NO PUBLIC PARTICIPATION

Order to use SGR only puts Macharia on hot seat

Senators asked why directive was not optional saying SGR may not be cheaper as claimed

In Summary
  • Macharia defended the move saying the Covid-19 pandemic made it impossible for government to conduct public participation, so it acted unilaterally.
  • He further said using the SGR is efficient and would also reduce damage to roads caused by heavy trucks.  
Transport CS James Macharia in Parliament before the Transport Committee.
GRILLED: Transport CS James Macharia in Parliament before the Transport Committee.
Image: FILE:

Transport Cabinet Secretary James Macharia came under fire on Thursday for ordering mandatory use of the standard gauge railway for imported goods destined for neighbouring countries.

Senators asked why public participation was not conducted before the directive was issued requiring imported cargo to be transported by the SGR from Mombasa to Naivasha.

They questioned why the directive was not optional and said using the SGR may not be cheaper as the government claims.

Appearing before the Senate Roads and Transport Committee, Macharia defended the move, saying the Covid-19 pandemic made it impossible for the government to conduct public participation.

He added the trucking business has been identified as a key transmitter of the coronavirus from one area to another.

“Whether it is from Namanga to Nairobi or Mombasa to Kampala, the trucking business has greatly contributed to the spread of the virus,” Macharia said.

So the government had to act unilaterally based on its best public health information and the best interests of the people, he said.

Macharia said using the SGR is more efficient and would also reduce damage to roads by heavy trucks.

“The decision was anchored in the fact that we have a pandemic to deal with and also because rail transport will reduce damage to the road and is cheaper and efficient,” he added.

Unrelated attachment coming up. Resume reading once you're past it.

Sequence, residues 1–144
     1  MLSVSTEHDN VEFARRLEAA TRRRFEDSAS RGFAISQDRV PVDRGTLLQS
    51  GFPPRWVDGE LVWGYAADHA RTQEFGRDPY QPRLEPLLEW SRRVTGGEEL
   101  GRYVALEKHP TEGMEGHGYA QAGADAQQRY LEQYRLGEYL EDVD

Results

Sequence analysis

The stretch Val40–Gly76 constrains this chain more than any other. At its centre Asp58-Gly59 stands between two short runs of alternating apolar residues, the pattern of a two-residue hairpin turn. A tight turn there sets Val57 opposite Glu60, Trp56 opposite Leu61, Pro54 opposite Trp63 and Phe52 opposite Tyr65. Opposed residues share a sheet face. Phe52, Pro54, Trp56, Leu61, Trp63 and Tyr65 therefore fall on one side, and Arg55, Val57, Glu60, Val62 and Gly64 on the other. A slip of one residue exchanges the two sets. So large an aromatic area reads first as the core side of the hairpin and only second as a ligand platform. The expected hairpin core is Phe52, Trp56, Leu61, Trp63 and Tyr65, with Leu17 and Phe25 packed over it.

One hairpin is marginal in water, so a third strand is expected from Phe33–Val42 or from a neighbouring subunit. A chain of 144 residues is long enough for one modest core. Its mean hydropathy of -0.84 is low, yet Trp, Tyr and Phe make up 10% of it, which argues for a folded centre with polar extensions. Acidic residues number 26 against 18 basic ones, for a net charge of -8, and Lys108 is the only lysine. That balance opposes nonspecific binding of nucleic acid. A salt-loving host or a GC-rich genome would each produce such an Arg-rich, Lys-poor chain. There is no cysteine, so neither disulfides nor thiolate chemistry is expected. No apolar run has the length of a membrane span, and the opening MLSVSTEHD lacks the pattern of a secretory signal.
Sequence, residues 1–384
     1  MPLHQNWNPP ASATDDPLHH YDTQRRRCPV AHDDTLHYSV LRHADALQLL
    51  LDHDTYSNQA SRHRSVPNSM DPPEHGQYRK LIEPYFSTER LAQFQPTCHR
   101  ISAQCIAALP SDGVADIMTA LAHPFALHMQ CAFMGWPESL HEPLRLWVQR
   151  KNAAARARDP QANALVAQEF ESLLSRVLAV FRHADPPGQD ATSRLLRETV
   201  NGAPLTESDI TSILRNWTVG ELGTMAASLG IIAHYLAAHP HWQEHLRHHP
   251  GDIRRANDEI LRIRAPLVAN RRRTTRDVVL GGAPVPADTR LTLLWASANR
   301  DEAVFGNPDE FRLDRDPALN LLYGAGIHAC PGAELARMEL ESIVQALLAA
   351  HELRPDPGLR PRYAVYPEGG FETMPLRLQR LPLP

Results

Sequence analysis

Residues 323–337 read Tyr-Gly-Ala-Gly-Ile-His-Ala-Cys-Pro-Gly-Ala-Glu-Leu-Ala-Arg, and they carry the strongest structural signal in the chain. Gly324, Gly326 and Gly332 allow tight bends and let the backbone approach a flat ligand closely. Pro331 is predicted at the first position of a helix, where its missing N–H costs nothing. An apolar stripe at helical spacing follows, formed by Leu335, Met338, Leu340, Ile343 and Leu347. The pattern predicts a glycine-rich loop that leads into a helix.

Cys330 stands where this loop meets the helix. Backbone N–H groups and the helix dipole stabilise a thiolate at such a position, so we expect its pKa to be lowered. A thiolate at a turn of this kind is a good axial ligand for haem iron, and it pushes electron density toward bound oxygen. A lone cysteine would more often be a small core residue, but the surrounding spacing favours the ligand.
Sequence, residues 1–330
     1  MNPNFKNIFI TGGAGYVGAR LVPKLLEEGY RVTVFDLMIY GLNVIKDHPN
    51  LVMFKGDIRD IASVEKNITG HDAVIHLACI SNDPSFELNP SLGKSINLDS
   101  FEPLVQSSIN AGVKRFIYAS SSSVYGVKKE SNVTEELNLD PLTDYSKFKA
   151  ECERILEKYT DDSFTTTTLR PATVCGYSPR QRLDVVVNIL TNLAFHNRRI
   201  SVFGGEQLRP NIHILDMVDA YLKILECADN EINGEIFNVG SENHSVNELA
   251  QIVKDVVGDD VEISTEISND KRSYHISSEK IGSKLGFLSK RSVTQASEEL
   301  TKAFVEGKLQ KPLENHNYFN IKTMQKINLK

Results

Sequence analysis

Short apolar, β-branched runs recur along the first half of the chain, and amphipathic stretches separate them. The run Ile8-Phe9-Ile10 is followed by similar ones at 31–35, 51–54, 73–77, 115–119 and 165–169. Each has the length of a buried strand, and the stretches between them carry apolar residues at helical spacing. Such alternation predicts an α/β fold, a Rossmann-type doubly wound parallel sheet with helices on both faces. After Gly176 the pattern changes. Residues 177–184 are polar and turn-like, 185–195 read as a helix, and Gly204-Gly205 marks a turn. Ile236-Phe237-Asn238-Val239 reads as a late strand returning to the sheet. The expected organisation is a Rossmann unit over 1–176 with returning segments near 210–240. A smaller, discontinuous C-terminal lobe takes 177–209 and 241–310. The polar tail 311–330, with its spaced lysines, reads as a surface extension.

Mombasa Senator Mohamed Faki said Covid-19 is currently spreading faster in the slums than among truck drivers.

“The problem is that we have delays in clearance of trucks and that is causing an increase in the spread of the disease among drivers. We should establish more testing centres,” he said.

Faki criticised the CS for not stating whether any measures are in place to mitigate losses in the trucking business. “We should not destroy the trucking business for the sake of SGR,” he said.

The Kenya Railways Corporation has launched direct SGR freight services for all transit cargo to be ferried directly from Mombasa port to the Naivasha Inland Container Depot (ICD) where trucks will pick them for onward transportation.

Officials said freight from the Port of Mombasa to Naivasha costs $600 (Sh63,648) for a 20-foot container, $850 for a 40-foot container weighing as much as 20 tonnes and  $910 for the same sized container weighing more than 21 tonnes.

The directive to ferry goods directly from Mombasa to the Naivasha ICD, which took effect on June 1, was agreed at a virtual meeting attended by President Uhuru Kenyatta and the presidents of Uganda, Rwanda and South Sudan.

It was intended to cut the time taken from Mombasa to the Uganda border to reduce transmission of Covid-19 by truck drivers along the transport corridor.

Truck drivers have also resisted the Naivasha ICD order, citing massive investment and job losses. Transporters have built warehouses and depots in various towns in Kenya along the way to support their logistics.

Nominated Senator Sylvia Kasanga asked whether the requirement will be reversed when the Covid-19 pandemic is defeated. “The Covid-19 pandemic will come under control one day and when it does, will the directive still hold?" she asked.

There was no immediate answer.

Nandi Senator Samson Cherargei said it was absurd to say damage to roads would be reduced because the goods will be transported only from Mombasa to Naivasha. “Does it mean that after Naivasha we have new roads that cannot be destroyed by the trucks?” Cheragei asked.

Marsabit Senator Godana Hargura said the government should instead invest heavily in preventing overloading.

 

(Edited by V. Graham)